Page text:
—I read that you like the music of Foetus. Sadly, I don’t have too many occasions of talking about him. How did you start being interested in him?
—Jim Thirlwell is one of the most underrated artists of our lifetime. From early industrial adopter, to composing scores, he’s done it all and somehow remains tremendously humble about it. I was lucky enough to run into him over the years at shows and record stores in New York and he’s been always approachable and open to talk music. Somehow, we always end up chatting prog rock but we should leave that for another time.
I got into his work when I got into industrial, and his albums were standouts in the genre. He’s great at bringing in different styles in unexpected ways and that always stuck with me. Obviously, his music is very different form mine, but I was heavily inspired by the spirit behind his records. He made his most complex albums pretty much all on his own at a time when studio gear was far harder to operate than the tools at hand today. Definity one of the acts that inspired me to get up and try my own thing, no excuses were allowed after I learned about what he had accomplished all on his own.
—I saw a big improvement in the composition in The Brutalist. Were you more interested in songwriting in this EP?
—It’s interesting that you picked up on that. Not to get too nerdy about music theory but that record was the first time I started working in predefined music scales. Meaning, the notes all stuck with the same key throughout. There are surprises on the title track still, but all done more methodically.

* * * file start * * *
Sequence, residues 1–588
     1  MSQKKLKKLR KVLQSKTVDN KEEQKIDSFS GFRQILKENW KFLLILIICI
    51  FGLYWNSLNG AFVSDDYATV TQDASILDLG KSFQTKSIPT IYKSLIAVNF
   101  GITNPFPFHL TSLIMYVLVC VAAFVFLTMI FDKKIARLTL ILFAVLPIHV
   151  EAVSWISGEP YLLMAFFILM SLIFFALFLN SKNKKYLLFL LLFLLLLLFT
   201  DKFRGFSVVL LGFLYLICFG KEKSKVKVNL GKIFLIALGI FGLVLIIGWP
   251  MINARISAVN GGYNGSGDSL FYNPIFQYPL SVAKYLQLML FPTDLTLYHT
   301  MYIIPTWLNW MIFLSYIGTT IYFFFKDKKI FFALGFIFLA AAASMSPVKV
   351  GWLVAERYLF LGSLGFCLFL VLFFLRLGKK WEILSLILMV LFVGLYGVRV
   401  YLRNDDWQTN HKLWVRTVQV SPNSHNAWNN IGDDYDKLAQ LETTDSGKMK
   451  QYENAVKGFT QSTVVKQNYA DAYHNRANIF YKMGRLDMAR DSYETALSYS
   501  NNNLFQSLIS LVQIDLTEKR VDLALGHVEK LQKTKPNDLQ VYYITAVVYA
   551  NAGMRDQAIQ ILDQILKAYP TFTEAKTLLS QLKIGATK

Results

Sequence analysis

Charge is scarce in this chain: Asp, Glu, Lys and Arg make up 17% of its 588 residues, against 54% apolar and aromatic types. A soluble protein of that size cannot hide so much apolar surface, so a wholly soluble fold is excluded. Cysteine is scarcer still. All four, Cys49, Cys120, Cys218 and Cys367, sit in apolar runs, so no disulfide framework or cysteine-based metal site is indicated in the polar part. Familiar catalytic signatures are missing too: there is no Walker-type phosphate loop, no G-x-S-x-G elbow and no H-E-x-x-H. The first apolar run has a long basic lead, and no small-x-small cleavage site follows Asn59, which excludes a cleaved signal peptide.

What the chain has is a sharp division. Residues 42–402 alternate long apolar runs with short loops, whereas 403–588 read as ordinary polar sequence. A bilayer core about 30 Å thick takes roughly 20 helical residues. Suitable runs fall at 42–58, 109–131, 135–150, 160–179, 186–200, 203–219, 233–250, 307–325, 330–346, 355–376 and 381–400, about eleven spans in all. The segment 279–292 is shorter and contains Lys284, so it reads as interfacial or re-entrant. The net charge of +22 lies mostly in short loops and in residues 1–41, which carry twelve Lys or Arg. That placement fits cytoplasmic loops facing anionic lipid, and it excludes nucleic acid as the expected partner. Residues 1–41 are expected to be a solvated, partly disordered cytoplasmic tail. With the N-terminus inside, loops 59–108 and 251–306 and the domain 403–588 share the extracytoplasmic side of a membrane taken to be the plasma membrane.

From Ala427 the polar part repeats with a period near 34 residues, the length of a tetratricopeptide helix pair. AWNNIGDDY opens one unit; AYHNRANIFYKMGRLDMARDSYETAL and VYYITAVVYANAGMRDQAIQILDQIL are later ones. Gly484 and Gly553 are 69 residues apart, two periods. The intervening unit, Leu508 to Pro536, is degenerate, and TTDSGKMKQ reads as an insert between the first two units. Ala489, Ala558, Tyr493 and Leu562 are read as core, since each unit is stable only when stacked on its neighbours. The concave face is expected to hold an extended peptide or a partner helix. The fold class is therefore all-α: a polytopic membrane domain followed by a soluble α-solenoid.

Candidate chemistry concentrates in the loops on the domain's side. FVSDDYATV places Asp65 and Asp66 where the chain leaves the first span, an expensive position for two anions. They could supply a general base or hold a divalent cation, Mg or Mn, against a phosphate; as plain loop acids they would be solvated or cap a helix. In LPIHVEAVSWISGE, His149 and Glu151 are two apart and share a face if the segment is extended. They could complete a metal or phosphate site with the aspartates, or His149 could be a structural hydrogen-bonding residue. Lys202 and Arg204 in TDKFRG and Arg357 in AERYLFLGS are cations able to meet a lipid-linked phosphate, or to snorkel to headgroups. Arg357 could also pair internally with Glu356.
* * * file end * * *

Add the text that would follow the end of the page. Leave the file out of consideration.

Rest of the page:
Up until that record everything else before it was pretty much all put together by ear. Making unrelated riffs and hoping they actually work together. It’s crazy that I went on so long like that given that it was too time consuming to work that way. But with The Brutalist, I studied music more and the result shows. My mind already works in a chaotic way so sticking to a smaller group of notes per song is a much welcome limitation. And since then, it’s become a key part of my writing technique, one that has helped the song writing aspect of the project more for sure.
—SurViolence was based on what happened to Snowden. What do you want to transmit with your music? Do you think that music can change society or at least make people think?
—I think it’s perfectly fine to create music without a clear story or concept but for me that’s just not enough. The concept stage of the record helps build purpose and momentum behind the project and each song becomes a character in the larger story being told. The concept behind SurViolence was about the sort of stuff that Snowden was/is warning us about.
I know people that are not the conspiracy types but still cover their device cameras cause they think they’re being watched all the time. The paranoia and the social implications of surveillance culture is inescapable, so it became the driving force behind that record.